THE ARTIST’S PALETTE: Imagine yourself standing at some location with an artist’s palette in your hand. A recently stretched canvas is waiting on an easel, and a jar full of cleaned brushes sits on a small table next to you. Cobalt and Ultramarine Blue, Raw Sienna and Burnt Umber are positioned side by side while Chromium Oxide Green, Cadmium Red and Yellow lie together opposite them; Mars Black and Titanium White sit in the middle. They all have been squeezed from tubes and anxious to be mixed together.
Now, imagine that instead of all those wonderful pigments on your palette, they are the ‘elements of design and composition’. Terms like: Vanishing Point, Negative Space, Perspective, Tension, Color, Texture, Pattern, Light and Line, have been etched into the aged wood.
Everyone knows what happens when you mix red and blue, right? You get purple. How about when you mix blue and yellow together? Green, right again. But, what happens when you add Tension, a few Patterns, and Perspective together while taking your daughter’s portrait during an outdoor birthday party? Or Negative Space, some Texture, and a Vanishing Point when you’re composing a street scene in a small Tuscan village? Well, you’ll get the picture.
Remember you’re still an artist, but a camera on a tripod has now replaced the stretched canvas and easel. Through examples of my own work, I’ll help you develop your ‘eye’ by showing you how to incorporate these ‘elements of design and composition’ into your imagery. A new, finely tuned vision will be the result, and you will walk away armed with the ability to create powerful and memorable photographs.
CHASING THE LIGHT: With daily assignments and exercises to heighten your awareness of shooting during ‘the golden hour’ (early morning and late afternoon), you will gain a better understanding and sensitivity to light as it enhances every aspect of these important ‘elements of design’. The differences between backlight, side and front light will be studied, and last, learning to use the ‘angle of reflection’ in directing the light source to the subject will soon be an integral part of your visual thought process.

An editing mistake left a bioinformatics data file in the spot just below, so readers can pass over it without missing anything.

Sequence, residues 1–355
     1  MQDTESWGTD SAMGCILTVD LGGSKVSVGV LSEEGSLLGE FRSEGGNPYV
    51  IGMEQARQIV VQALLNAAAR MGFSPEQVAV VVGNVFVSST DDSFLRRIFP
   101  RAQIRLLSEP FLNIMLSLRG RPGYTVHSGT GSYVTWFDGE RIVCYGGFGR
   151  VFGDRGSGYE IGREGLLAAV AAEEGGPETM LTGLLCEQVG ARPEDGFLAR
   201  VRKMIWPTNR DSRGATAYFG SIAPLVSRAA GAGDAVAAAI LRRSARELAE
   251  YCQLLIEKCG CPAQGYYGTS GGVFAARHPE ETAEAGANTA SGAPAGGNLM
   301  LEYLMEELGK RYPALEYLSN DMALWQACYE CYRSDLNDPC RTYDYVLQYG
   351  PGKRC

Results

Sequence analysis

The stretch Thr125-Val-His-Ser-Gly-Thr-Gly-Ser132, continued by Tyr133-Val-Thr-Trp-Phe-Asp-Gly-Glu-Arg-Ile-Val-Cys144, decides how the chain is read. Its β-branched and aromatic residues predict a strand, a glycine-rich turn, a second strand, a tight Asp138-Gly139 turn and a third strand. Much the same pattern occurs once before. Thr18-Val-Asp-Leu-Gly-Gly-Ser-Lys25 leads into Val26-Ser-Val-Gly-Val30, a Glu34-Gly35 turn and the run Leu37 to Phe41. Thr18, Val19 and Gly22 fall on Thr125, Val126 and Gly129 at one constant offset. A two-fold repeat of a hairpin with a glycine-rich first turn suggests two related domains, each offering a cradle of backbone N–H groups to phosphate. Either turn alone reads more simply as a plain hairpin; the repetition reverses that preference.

With provided software, students learn how to determine exactly where the sun will be anywhere on the planet from the moment it comes up at sunrise to the instant it sets; and where the shadows will fall days or even months before an important family outing, a personal trip, upcoming wedding, or commercial shoot.
SEEING PAST FIRST IMPRESSIONS: Photographers tend to come across a location or a subject and take the first picture that they see, then move on leaving a lot still on the table. During the week, the class looks at what Joe calls the ‘Master Shot’. This is the first idea that pops into your thought process, and a photograph you could live with in case it started to rain on your parade.
After taking this shot and putting it safely ’in the can’, Joe will show you how to look for better ways to visually say the same thing or tell the same story. Getting up close and personal, looking at it from way down low then way up high, changing lenses, adding or subtracting props, and putting in or taking out people. Then, look at it from various ‘points of view’ while constantly keeping in mind the direction of the light.